Can the US president fire the vice-president?

Asking for a friend.

Remi Gaillard

RĂ©mi Gaillard is brilliant.

I came across him accidentally on Youtube, and I then spent several hours watching his pranks. You can find them by searching Youtube, or you can go to his web site.

He's French, and il ne donne une baise. He pranks anyone and everyone. He put on football strip and pretended to be part of the winning side, shaking hands with the president of France.

My favourite prank is very short and simple - the pigeon. I've watched this one minute clip several times, and I laugh out loud each time. Also especially look out for the snail, and volleyball (singing the Marsellaise; he seemed to be the only one on the team that knew the words, so the news camera focussed on him).

Friday 28 July 2017

Slower information

I've noticed a disturbing trend.

Once upon a time, if someone had something to say, they put it into words. You would  write an essay, perhaps published a pamphlet, or wrote a blog post. But that changed a few years ago.

It's become very common now for people to create "memes" (a completely wrong use of the word coined by Richard Dawkins, but hey, language evolves). A meme is now a picture of a statement of opinion (rarely of fact) as words overlaying a picture (which is sometimes relevant). Usually, it's pointless to include the picture; sometimes it's a bit amusing.

But I've just started to see something really bad; a video of a meme. This is a static picture, but displayed as a video! So whereas it would normally take a fraction of a second to read, now we are tricked into wasting several seconds before we realise that this "video" is just a static picture.

I don't understand why people do this.

While I'm on this topic, I'd also like to explain that in the 15 minutes that it might take me to watch a video of a person speaking a script, I could read the same thing in text in about one minute. Maybe I'm in a minority of people who can read faster than they can hear speech, but I don't think so. And often, a few seonds in to the video, I lose patience at the slow rate of information transfer, and read something else.

By the way, I've just signed up to the Facebook group "Christians against Nasa". It's a flat-earth group.

Thursday 27 July 2017


The elastic arrived, and it's very nice. One long reel, 25 meters.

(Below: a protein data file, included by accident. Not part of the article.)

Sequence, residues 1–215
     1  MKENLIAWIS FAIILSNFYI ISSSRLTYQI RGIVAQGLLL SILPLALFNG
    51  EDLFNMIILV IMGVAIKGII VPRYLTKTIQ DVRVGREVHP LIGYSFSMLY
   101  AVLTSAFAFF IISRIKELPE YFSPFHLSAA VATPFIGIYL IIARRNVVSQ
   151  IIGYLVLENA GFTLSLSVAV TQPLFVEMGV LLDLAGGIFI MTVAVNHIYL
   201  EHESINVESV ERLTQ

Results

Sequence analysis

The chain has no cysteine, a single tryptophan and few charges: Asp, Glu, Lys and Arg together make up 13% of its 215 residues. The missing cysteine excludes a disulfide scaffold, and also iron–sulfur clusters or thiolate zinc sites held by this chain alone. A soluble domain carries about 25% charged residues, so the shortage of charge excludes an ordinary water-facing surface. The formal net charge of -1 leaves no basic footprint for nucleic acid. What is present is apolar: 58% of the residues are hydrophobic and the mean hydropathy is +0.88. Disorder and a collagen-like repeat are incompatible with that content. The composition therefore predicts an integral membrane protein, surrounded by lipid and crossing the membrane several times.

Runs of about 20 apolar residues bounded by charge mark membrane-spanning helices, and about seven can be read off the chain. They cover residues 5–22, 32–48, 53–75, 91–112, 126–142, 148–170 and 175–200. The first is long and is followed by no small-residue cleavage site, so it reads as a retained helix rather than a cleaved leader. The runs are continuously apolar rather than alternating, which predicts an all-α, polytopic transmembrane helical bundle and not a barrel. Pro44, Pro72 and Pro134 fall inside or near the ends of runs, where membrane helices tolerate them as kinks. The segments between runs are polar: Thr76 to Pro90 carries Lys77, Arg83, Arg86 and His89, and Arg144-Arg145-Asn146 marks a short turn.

So I took the trousers with the failed elastic, and tied the new elastic to one end of the cord that runs around inside it. After considerable tugging, I found that the cord is attached halfway round, to the trousers. So I cut a small hole halfway round to get access to the cord, and cut the cord. And the same on the other side. That meant that I was able to remove the two pieces of cord and, at the same time, thread the elastic.

The outcome is that my £3 trousers are repaired.

It's not just that £3 is such a huge sum that it's worth repairing the trousers, it's more that I get a lot of satisfaction from repairing things.

So now I have about 23 meters of good elastic. Because I have more such trousers, and I'll be able to fix those too.

Or I could make a catapult.

Wednesday 26 July 2017

The Civil War

When I was at school, we covered the Civil War. But I didn't really understand what it was about. Oh, I knew that it was Cavaliers against Roundheads, the Royalists against the Parliamentarians. I was told about the Long Parliament, Pride's Purge, the Rump Parliament and Oliver Cromwell. And the battle of Marston Moor, and the battle of Naseby. I'd heard of the Levellers, the Diggers and the Sealed Knot. But I didn't really follow what happened and why.

That's all changed, because I read "Rebels and Traitors" by Lindsey Davis. She usually writes about life in the Roman Empire, from the point of view of a "private informer"; we'd call that a private detective. But her book about the Civil War brings the whole thing to life, from the point of view of the people who lived through it. And it's a rattling good story, too!

Monday 24 July 2017

A visit to the dentist.

Two visits, actually, with two more to come.

The first was a visit to the hygenist. Victoria is the daughter of Mr Jones, who used to be my dentist, and who has now retired. First she had a good look, and told me that it was all looking very good; I've been brushing properly! I use an electric toothbrush with a rounded head, and then another one with a pointy brush head. Actually, I have two electric toothbrushes, which each run off AA batteries. Having two means I don't need to change the brushes, and running from AA batteries gives me a much longer battery life that the kind that has an internal battery. Plus, when the batteries no longer recharge (after a few hundred recharges) I can just put in new rechargables.

Then I use an interdental brush on each of the gaps, except I can't really reach the ones at the extreme rear. Apparently, this is all good. Then she poked at my gums with a sharp thing, quite unpleasant and when I washed out, the water was a bit pink from a slight bleed, but that soon stopped. Then she scraped the surfaces with her scraper, which wasn't so bad, but lasted longer. Then she had another good look, and found more work for the dentist. The pick and scrape cost £50.